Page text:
• to improve customer handling by making information available to staff responsible for sales, enquiries, helplines, order processing, complaints, service, or other customer-facing activities;
  • to improve understanding of the customer's purchasing life cycle;
  • to identify opportunities to offer customers a variety of other products or services tailored to their individual needs.
Understand the Market

Your company may already carry out market research, which may be carried out regularly, or on an ad hoc basis. By integrating market research findings with the other information on your database, you can build a more sophisticated view of the marketplace as a basis for future segmentation strategies. These are some of the key questions you can address through the database:

  • What are the key market sectors for different products in our portfolio?
  • Which are the growth sectors and which are static or declining?
  • What share of the market do we and our competitors hold?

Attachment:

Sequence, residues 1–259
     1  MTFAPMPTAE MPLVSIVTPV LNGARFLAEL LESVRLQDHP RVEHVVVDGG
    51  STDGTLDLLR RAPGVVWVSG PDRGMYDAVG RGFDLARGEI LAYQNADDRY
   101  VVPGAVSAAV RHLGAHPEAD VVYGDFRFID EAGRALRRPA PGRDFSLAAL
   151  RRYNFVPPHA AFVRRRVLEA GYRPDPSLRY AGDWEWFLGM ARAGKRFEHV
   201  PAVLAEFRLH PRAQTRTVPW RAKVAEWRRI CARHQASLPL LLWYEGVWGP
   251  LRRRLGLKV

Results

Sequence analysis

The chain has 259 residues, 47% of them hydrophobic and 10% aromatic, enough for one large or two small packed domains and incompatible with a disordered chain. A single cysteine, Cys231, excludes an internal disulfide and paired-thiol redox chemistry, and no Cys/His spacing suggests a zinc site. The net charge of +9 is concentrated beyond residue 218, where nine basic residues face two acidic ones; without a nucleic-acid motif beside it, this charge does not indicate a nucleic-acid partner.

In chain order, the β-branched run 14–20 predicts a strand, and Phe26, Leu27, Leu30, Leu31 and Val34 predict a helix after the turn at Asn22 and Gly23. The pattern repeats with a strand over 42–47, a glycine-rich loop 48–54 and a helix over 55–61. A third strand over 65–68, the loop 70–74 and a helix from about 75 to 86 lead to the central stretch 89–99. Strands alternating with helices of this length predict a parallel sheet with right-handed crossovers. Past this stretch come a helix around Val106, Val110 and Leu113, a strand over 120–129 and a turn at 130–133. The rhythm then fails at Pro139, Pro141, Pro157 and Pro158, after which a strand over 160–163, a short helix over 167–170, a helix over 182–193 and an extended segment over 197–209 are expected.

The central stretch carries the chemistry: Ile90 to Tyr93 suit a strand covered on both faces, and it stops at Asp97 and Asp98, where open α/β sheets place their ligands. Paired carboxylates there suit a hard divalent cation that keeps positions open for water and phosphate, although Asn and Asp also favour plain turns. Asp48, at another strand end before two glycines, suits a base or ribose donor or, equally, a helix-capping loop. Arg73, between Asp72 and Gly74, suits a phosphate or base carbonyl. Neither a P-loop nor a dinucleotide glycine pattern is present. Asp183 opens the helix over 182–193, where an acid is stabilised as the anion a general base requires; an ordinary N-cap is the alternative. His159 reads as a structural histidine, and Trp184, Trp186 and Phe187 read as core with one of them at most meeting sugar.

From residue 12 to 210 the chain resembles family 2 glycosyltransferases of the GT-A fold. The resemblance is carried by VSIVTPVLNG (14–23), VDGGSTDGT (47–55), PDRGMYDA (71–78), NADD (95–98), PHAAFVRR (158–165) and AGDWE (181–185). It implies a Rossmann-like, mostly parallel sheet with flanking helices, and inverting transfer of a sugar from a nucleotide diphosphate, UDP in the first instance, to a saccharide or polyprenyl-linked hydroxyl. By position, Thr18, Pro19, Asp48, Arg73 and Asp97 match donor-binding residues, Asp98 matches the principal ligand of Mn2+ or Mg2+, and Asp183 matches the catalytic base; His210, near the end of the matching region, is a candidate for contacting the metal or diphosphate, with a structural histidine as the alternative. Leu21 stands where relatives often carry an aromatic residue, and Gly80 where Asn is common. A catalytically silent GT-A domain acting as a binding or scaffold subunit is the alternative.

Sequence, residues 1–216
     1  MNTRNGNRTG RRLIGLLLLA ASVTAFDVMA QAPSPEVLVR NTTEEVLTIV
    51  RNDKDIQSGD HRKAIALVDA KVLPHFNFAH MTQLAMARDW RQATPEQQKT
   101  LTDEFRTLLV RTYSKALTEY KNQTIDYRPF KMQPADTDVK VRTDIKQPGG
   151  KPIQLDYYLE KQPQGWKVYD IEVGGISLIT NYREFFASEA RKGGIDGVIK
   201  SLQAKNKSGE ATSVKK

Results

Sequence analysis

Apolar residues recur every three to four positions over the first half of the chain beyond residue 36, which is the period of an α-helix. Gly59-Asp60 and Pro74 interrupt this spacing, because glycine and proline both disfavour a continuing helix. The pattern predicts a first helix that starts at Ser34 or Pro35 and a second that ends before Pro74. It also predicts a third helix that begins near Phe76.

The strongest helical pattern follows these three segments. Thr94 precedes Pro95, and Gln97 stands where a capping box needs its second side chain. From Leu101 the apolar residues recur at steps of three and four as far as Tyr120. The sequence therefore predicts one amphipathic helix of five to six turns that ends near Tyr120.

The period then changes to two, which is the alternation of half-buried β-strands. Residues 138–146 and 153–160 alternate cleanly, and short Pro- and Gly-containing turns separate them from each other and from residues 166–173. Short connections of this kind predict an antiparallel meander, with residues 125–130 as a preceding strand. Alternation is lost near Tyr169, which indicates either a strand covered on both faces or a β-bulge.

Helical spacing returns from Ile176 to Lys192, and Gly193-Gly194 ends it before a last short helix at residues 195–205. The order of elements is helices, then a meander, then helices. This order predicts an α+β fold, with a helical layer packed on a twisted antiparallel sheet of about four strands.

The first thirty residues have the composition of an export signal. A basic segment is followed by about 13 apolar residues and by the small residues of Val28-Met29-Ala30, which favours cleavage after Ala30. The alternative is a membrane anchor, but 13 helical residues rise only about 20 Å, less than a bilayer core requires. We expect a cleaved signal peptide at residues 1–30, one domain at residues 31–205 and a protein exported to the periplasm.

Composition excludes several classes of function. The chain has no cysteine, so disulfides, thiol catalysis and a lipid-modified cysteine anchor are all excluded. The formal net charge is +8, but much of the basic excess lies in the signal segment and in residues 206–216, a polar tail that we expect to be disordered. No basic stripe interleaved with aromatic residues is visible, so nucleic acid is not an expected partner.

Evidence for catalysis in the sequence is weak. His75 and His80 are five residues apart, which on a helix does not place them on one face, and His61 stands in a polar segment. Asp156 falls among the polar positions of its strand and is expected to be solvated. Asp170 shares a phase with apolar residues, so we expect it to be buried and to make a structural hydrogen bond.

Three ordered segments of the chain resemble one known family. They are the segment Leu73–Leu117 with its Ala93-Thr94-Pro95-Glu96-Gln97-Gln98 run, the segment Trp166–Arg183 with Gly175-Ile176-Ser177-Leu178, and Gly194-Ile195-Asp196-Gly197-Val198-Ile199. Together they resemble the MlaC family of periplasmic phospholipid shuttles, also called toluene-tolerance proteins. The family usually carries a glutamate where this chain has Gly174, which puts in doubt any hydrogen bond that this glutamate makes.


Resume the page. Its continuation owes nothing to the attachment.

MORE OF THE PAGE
• Which sectors are the most profitable?
  • Which sectors are "crowded" and which have not been exploited?
  • What are the characteristics of our main market sectors?
  • Do any other sectors share similar characteristics?

This information can help you to decide where to allocate your sales and marketing resources to achieve the most effective return. It can also help you to identify new market sectors that offer attractive opportunities.

Focus Your Product Development

The database can provide information about trends and changes in the market and that, in turn, will enable you to plan your own product developments in line with those needs. Understanding the market's changing needs helps you to deal with issues such as:

  • What direction should new product development take?
  • What is the likely timetable for new product development?
  • What are our customers' new product plans and how can we contribute to those?
  • Can we help our customers develop new products that they would not otherwise be capable of?
Understand Competitors